In honor of the 4th of July, I want to discuss one of my favorite progressive renderings of Americanism. It comes from a 1923 speech by Felix Adler, founder of the Ethical Culture movement, philosophy professor at Columbia University, and progressive social reformer.
In the speech, Adler criticized many of the conceptions of Americanism prominent in the public discourse at the time (many of which are unfortunately still prominent today) and offered his own, one rooted in a progressive American idealism.
First, he rejected the racial definition of Americanism, that which equates Americanism with Anglo-Saxon Protestantism. At the time, he was referencing the growing nativist movement and the re-emergent Ku Klux Klan; however, there are still too many people today, mostly on the right, who refuse to accept the growing diversity of American society and latch onto a vision of a homogeneous or hierarchical past.
Second, he rejected what he called the “composite” definition, which he—perhaps unfairly—attributed to the settlement movement. The “composite” definition purports that each culture within the country contributes its own costumes, folk songs, dance, music, pageantry, etc.—and the sum of the contributions becomes Americanism. However, to Adler, such a definition was lacking because it offered no end, except perhaps to make life less puritanical. The “composite” view is somewhat akin to the “fruit salad” metaphor for Americanism that you might hear today.
Third, he rejected the metaphor of the “melting-pot,” which stemmed from the writings of playwright Israel Zangwill. Adler found this definition to be less generous to new Americans than the composite view because it says of the immigrant: “He is to be welcomed, but he is to be smelted.” Whereas the composite definition celebrates contributions without an overarching end, the melting-pot view appears to diminish the uniqueness of the contributions and the diversity of cherished traditions. Canada’s mosaic metaphor has gained recent prominence in the US as an alternative for just that reason.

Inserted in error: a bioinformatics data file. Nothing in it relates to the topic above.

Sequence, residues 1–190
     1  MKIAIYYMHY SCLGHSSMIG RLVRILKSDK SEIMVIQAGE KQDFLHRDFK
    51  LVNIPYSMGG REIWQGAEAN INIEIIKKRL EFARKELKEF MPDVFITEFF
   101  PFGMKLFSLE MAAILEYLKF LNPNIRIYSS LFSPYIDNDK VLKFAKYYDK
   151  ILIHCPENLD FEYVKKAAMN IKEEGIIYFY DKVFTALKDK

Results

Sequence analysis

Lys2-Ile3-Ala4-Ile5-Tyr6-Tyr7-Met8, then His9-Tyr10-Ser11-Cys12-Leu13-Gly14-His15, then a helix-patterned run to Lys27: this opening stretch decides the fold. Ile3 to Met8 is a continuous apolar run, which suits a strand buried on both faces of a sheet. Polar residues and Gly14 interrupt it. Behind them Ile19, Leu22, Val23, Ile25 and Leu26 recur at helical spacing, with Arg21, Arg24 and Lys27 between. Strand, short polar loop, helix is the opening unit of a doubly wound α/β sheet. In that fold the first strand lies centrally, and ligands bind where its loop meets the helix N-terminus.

Fourth, he rejected the equation of Americanism with capitalism, a definition that stems from the rather unwarranted belief that the capitalist system is the be-all, end-all.
Fifth, he rejected the imperialistic definition of Americanism, the belief that one can only form a nation by dominating others. Adler had been an outspoken critic of imperialism for the past several decades. He had been a member of the Anti-Imperialist League of New York and regularly spoke out against the atrocities committed by the United States in the Philippines. He later joined the Philippine Independence Society to push for the transition to self-government, and in the early 1920s, he joined the Haiti-Santo Domingo Independence Society, which united former members of the Anti-Imperialist League and the NAACP largely united around The Nation’s Oswald Garrison Villard, to protest the U.S. occupation of Haiti. Of this imperialistic rendering of Americanism, he explained, “In the world of actualities, imperialism means foreign markets; even more inclusively it means foreign investments; and the great danger is that our American national consciousness, which is still undeveloped, still instinctive, will be rationalized and formulated in terms of imperialism.” Such capital investment would lead to a demand for a strong navy to enforce the financial domination, laying the grounds for future invasions and occupations, and the imperialistic definition of Americanism would bolster the materialistic taint of Americanism, arguing that we must all support a small group of investors in whatever they do. Unfortunately, this definition is still prominent today, especially among our elected officials and among foreign policy think tanks.
After going through these definitions, he presented his own view, that our goal should be “to make ourselves over into freedom.” Voting, of course, is necessary but not sufficient for such freedom because one can vote but still be unfree—trapped by the chains of poverty or ignorance, for instance. In the following passage, which is one of my favorites, he outlined what he saw as the goal of such an American idealism rooted in a universal, aspirational freedom:
“To develop a pure democracy, an industrial as well as a political democracy—for without industrial democracy as the basis, political democracy is a delusion—a pure democracy, purged not only of aristocracy, but also of plutocracy, a democracy in which the principle of the worth of every human being shall not only be proclaimed as a principle, but shall be expressed in the constant effort to make every human life humanly worth living” (134)
That aspiration—“to make every human life humanly worth living”—still resonates with us today and encapsulates the goal of the various progressive movements working to build a more just society at home and abroad.